Erick Silva to lose $12K after Reebok deal

May 31, 2015

Erick Silva is the latest UFC fighter to voice his displeasure with the Reebok deal.  Silva, who is scheduled to fight at the TUF Brazil 4 Finale in Miami stated that he would be losing $12,000 per fight once the new sponsorship deal is in place.

The comments come out at an interesting time as Silva is seeking to renew his contract with Zuffa and hopes that he improves on his current deal.  Obviously, he hopes to make up the money he will lose in sponsors with his new contract.

Silva fought 3 times in 2014 and is 1-0 in 2015 heading into his second fight of the year in June against Rick Story.

(h/t:  Bloody Elbow and Brazilian outlet Globo Esporte)

Payout Perspective:

Is going public with how much you will be losing due to the Reebok deal good public relations as you go into negotiations for your new deal with Zuffa?  Could his public announcement that he’d like a better deal help his negotiation leverage with Zuffa?  Unlikely.  But, the continued news that fighters are not pleased with the Reebok deal could facilitate another change toward the sponsorship policy.  While it’s unlikely that Zuffa would penalize Silva due to his statements, it might mean that they are tougher in negotiating a new deal with him.

10 Responses to “Erick Silva to lose $12K after Reebok deal”

  1. joe on June 1st, 2015 12:47 AM

    First Aldo says that the deal is crap. Now Silva comes out with how much he is losing. Did the news JUST get to Brazil??

  2. joe on June 1st, 2015 12:56 AM

    Actually, it looks like the Silva news was first.

    Also, he states that he’ll be losing $12000.00 per MONTH, not per fight.

    That’s a definite punch to the gut.

  3. saldathief on June 1st, 2015 4:29 AM

    Free sneakers and leotards for the fighters hahaha what a great company to work for !!!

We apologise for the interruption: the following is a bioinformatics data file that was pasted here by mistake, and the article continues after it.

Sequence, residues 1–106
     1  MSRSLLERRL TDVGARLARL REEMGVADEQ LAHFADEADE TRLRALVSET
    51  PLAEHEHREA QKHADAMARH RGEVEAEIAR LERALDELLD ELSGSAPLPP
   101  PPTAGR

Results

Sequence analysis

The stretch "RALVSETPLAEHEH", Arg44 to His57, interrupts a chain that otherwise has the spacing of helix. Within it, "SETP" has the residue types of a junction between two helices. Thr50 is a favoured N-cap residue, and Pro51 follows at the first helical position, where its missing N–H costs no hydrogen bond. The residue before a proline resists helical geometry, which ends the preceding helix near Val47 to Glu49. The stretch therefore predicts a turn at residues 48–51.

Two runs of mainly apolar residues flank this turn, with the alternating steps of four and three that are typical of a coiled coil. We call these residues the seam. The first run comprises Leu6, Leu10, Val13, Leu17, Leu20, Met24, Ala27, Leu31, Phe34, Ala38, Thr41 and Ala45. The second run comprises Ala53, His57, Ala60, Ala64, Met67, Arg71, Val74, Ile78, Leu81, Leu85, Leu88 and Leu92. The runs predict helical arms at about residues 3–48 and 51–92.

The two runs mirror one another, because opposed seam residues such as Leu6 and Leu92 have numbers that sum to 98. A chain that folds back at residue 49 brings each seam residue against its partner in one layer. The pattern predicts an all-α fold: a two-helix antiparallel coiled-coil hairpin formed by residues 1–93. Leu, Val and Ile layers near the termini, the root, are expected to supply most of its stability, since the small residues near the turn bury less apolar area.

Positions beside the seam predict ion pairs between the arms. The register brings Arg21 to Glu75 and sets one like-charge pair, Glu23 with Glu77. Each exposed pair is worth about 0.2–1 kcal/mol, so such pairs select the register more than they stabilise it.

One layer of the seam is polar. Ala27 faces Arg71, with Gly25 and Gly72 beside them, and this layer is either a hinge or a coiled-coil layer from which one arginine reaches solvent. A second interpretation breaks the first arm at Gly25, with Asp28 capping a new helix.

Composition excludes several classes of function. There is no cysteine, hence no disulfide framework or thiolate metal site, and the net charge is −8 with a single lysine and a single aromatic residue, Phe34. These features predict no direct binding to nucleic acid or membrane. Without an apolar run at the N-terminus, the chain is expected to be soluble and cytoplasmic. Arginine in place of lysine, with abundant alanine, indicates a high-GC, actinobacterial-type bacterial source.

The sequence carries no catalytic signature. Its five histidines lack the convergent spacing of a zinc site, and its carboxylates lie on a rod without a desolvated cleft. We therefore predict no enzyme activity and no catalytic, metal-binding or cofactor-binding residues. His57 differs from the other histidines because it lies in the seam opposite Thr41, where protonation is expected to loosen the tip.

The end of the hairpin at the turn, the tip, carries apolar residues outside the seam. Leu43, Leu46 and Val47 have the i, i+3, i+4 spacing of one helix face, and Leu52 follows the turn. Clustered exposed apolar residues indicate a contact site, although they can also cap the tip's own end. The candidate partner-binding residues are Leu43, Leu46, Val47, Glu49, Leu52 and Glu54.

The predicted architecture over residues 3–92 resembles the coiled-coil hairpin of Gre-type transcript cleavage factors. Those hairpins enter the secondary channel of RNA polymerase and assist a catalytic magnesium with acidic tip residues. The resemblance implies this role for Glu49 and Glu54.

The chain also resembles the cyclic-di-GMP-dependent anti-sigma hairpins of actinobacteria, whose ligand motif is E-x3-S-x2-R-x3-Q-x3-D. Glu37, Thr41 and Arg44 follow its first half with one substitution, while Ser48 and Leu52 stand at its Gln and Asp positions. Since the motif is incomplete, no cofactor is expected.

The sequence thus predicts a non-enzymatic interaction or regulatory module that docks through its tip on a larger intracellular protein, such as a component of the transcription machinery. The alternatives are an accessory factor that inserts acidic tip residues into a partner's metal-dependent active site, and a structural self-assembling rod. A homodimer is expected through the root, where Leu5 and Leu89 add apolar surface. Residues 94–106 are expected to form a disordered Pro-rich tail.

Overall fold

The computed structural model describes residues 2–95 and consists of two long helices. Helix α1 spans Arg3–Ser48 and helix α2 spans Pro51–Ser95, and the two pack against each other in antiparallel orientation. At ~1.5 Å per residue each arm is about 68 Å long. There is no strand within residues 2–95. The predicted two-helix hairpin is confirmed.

4. BrainSmasher on June 1st, 2015 6:54 AM

    How is he losing per month? Never heard any sponsor pay like that. Silva is full of crap.

    Remember all the fighters claiming how poor they were and how tough they had it? All of a sudden they are coming out and claiming to make all this sponsor money. Everyone is claiming to have been making 20-30,000 per fight in sponsors at the bottom of the UFC. Maybe people should have stopped bitching about money and sponsors and they wouldn’t be in this position!

    Point one. The reebok deal is more than the per fight pay the fighter gets. There is merchandise that also pays them that they are not counting.

    Point two. I doubt that any of their sponsors have completely left them or that their pay is cut that significantly. The fighters are assuming they are losing the full amount before they have lost anything and then going public with it. Silva hasn’t lost his sponsor and is already acting like he has so he can over dramatize his loss.

  5. joe on June 1st, 2015 6:59 AM

    To answer your first question.

    Some sponsors do pay a monthly check.

    Daniel Cormier mentioned several times after his recent win that his monthly check from the Cage Fighter sponsor is what kept his family afloat.

  6. d on June 1st, 2015 7:03 AM